NATIVE Exclusive: A sonic journey into Juls’ world

into the mind of the Ghanaian producer

It’s almost become comforting to hear a familiar yet still unknown soft-spoken lady mention “Juls Baby” at the beginning of an Afropop record. This was usually confirmation that the tune ahead would be an enjoyable number, soaked in a rich array of melodies and capable of provoking pensive thoughts and gathering listeners to the dancefloor in the same breath.

This famed producer tag belongs to none other than the British-Ghanaian beatsmith, Juls who has only evoked more levels of excitement as he’s mastered his skill. In Juls’ world, no skips are necessary. He is undoubtedly a household and worldwide name when it comes to this current era of Afrobeats, Afroswing – or just great music inspired by the African continent.


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Deservedly so, Juls has been getting hip to the game since 2013 when he laid down the gentle and traditionally folklore-like approach to Afropop on Mr Eazi’s string of earlier releases including “Bankulize”. The pair’s catchy sound introduced a much more thoughtful approach to the fast, party-starting genre we were used to. Juls’ beats allowed for reflection, and for poignant storytelling, with a pace made for reading between the lines. It’s no surprise then, that years on, many emerging stars on the continent still use creations from the Eazi-Juls partnership such as “Bankulize”, “Skintight” and “Hollup”, as soundtracks for their traditional engagement and wedding love stories all over YouTube. A few days after the release of his debut album, on a Zoom conversation with me, he says of the musical pairing: “We had a good run…I feel like the sound we created shaped Afrobeats…the modern-day Afrobeats anyway”, Juls responds.

From Burna Boy to Wizkid and Wande Coal, artists still look to Juls for his Midas touch and hit-making assurance. Whether it’s mellow, romantic numbers such as Wizkid’s “True Love” featuring Tay Iwar and Projexx or Burna Boy’s urgent, bass-thumping “Rock Your Body,” Juls sets a vast tone for where he can go sonically. Now, the enigmatic, calm and collected producer – officially a solo artist – takes us on a sonic journey with his debut album ‘Sounds of My World’. A fitting title for the commingling of sounds that listeners are met with. Much of the sounds, instrumentals and languages Juls features pull from a variety of cultures and nationalities.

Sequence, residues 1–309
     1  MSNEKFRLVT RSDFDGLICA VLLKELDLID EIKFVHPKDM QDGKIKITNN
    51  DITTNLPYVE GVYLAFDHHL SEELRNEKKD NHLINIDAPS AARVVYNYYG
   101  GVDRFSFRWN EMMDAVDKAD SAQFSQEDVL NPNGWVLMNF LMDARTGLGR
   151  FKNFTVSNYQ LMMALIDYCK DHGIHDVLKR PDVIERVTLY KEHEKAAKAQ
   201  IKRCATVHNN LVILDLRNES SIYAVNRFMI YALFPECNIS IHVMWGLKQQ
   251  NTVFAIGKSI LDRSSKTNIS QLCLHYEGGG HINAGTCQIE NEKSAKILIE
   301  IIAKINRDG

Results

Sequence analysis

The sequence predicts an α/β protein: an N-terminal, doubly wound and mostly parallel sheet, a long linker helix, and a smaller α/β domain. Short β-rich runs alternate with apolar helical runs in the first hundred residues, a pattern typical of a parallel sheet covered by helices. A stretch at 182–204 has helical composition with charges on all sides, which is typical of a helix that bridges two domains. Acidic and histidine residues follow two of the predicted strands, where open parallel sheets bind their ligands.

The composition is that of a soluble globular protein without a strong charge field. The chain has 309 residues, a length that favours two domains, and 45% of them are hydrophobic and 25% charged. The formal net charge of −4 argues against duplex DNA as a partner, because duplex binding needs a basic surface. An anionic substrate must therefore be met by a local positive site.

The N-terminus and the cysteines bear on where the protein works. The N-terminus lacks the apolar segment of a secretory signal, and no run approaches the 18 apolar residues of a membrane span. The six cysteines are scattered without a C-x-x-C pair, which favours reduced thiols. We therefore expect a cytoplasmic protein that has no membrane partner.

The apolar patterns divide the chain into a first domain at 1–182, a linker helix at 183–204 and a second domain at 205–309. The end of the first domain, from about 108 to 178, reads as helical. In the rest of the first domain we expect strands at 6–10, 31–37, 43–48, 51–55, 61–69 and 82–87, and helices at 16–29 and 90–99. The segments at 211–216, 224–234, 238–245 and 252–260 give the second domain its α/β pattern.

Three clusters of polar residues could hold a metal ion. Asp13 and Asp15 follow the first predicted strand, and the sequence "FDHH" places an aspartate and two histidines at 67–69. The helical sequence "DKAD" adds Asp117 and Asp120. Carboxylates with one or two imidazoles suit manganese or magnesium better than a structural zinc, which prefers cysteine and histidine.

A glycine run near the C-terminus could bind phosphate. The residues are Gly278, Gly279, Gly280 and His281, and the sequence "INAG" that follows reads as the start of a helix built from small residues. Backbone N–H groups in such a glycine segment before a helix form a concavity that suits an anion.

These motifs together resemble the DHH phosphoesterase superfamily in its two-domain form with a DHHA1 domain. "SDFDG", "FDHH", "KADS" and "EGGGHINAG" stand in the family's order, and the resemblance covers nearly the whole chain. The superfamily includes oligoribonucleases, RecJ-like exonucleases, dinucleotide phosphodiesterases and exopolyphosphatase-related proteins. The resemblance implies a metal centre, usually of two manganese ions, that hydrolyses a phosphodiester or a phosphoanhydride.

On here, listeners are comfortably transported to various parts of the world – no clashes, no turbulence. Laced with hints of Samba from Rio De Janeiro, to the traditional percussion instruments, shekere shakers and 3-click tone-setting rhythm of West Africa, and the soulful house-inspired Ampiano vibes of South Africa, there is something packed for every ear. With sound, he demonstrates how connected we actually all are, not just in theory. What’s more impressive is Juls wouldn’t have had to read up on all this – he’s heard it all before. It’s who he is. Like a lot of us who have migrated and travelled around the world, he was raised with this awareness of boundless interconnectedness between cultures. In turn, it’s gifted him with a well-rounded understanding of music.

Being a citizen of our culture, Juls is most definitely tapped into emerging sounds from around Africa. With the help of a new vanguard of Afropop hitmakers from Fireboy DML, to Niniola, newcomer Knucks, King Promise and of course Wizkid, it’s proven to be a defining showcase for his ability.

Our conversation which follows below has been lightly edited for clarity.

NATIVE: How would you describe your debut album, ‘Sounds of My World’?

Juls: Very spiritual and experimental. I experiment with a lot of things soundwise – whether its making beats or even mixing – when I’m setting the tone for that I just like it to be good vibes…very spiritual. Give the people good vibes, let them feel the music, that’s what I like to bring to my music since that’s what I like to bring to my world.

NATIVE: How much of your background would you say informs this title?

Juls: Being from London, I merge [a variety of sounds] to the African sounds pretty much embedded in me from when you’re a child. [Obviously] as a child growing up these are the records that your aunties, uncles, mum and dad are playing in the house. So you literally have the best of so many different worlds, and that’s pretty much my influence with regards to anything music-wise. I like to channel everything I hear around me.